Boston: Turbine study, expanded emergency zone bills heard

South Shore and Cape Cod residents packed a hearing room at the state house Tuesday to testify in favor of three bills now under consideration by the legislature. One would create a 19-member commission to study the health effects of wind turbines. The other two would effect the Pilgrim nuclear power plant in Plymouth.

Pilgrim Nuclear Plant Safety Bills


State representative Jim Cantwell of Marshfield filed two bills, along with State Representative Sarah Peake of Provinctown, regarding safety at the Pilgrim Nuclear Power Plant and promoted them in a public hearing in the state house Tuesday.

One would increase the emergency zone from a 10 to a 20 mile radius. The U.S. government advised U.S. citizens in Japan after the Fukishima nuclear disaster to stay 50 miles from the site. Pilgrim has a similar design to the Fukishima plants. Increasing the zone would make more towns eligible for emergency response centers that could be used for any natural disaster.

The second bill would require the plant’s owner, Entergy Corporation of Louisiana, to pay up to $400,000 for radiological monitoring within the expanded zone. Currently, the plant has monitors onsite and the state has access to federal monitors in Boston and Worcester.

Another Cape Cod representative, Cleon Turner, who sits on the public health board, asked Tom Joyce, an Entergy lobbyist who spoke against the bills, why the corporation would not volunteer to make the changes. Joyce cited cost and injury to competitiveness.

“Well then,” Turner said, “I have to say Entergy is not a good neighbor.”

Many people testified to the absurdity of evacuating Cape Cod over the two bridges in case of an accident. Prevailing winds blow across Cape Cod Bay from Plymouth. Turner repeated the phrase on Cape Cod bumper stickers, “Swim East.”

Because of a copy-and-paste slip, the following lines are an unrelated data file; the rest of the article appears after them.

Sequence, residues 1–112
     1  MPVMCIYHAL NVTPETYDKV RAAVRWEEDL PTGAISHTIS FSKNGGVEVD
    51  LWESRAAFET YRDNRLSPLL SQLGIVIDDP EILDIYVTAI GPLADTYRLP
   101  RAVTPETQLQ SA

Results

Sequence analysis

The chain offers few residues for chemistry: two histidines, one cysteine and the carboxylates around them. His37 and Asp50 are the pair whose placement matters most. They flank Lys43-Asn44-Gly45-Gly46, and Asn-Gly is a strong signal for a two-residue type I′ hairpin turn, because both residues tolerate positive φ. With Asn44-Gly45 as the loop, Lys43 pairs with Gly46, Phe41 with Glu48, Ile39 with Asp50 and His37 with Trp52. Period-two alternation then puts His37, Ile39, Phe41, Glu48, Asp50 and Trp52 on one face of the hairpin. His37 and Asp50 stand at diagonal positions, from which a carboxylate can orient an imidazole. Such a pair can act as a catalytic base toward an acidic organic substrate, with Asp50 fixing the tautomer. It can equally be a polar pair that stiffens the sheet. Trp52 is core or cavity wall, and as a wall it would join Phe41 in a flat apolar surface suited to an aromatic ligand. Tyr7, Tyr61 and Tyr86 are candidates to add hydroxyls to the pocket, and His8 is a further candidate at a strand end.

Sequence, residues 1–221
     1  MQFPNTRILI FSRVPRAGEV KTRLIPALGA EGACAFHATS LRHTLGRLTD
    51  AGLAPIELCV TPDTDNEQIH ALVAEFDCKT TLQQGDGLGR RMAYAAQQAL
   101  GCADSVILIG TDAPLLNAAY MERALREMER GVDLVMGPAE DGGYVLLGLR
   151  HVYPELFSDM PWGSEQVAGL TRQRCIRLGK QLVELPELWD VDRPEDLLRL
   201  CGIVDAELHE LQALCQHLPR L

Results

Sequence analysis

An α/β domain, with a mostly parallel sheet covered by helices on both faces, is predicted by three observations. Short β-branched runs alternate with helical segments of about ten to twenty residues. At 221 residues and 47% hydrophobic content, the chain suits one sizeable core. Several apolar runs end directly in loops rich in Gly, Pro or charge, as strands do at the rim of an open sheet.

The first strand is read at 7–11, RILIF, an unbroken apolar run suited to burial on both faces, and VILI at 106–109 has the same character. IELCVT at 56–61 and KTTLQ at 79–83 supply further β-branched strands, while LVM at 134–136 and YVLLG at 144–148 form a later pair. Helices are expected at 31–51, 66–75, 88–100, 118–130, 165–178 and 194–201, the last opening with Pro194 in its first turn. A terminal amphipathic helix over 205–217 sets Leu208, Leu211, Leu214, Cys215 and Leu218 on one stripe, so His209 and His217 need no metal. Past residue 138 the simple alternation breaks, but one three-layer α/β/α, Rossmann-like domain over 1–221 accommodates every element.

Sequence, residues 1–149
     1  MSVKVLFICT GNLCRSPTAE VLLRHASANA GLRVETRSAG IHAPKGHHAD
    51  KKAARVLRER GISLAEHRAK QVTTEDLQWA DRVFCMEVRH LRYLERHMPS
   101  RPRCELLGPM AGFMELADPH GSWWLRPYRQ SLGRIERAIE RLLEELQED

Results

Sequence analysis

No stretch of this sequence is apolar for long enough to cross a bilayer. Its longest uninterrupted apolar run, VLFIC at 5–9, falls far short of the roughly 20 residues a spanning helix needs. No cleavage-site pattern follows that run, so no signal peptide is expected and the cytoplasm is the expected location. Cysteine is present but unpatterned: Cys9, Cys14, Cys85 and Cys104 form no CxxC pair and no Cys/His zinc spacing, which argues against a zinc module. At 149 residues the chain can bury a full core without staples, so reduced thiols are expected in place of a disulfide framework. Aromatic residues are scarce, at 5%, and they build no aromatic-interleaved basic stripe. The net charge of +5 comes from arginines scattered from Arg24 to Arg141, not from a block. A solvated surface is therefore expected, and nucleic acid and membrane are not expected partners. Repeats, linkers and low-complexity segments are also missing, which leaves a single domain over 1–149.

Wind Turbine Study Bill

Peake filed a bill that would create the commission to study potential health effects of large wind turbines. Neighbors of the turbines in Kingston and Scituate testified in support. Committee members appeared very receptive to the idea.

Kingston resident Dan Kennedy testified in support of the bill, but called it “too little, too late”–something that should have happened before the turbines went up.

Scituate resident, and large turbine opponent activist Jerry Kelly spoke at the hearing. He spoke in favor of a bill to establish a commission to study the health effects of large wind turbines. But he criticized the proposed make-up of the commission, asking for fewer political appointments.

Roxanne Zak of the Sierra Club surprised people in the room testifying in favor of the bill. She said the country needs alternative energy, but that large turbines belong in large places like Texas.

The committee will make recommendations regarding the bills to the full house and senate.

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About Charles Mathewson

Charles Mathewson worked in print journalism for more than two decades as a reporter and editor, and has won several regional and national awards. He resides in Plymouth where he writes fiction and paints, when not producing award-winning news as a reporter for WATD.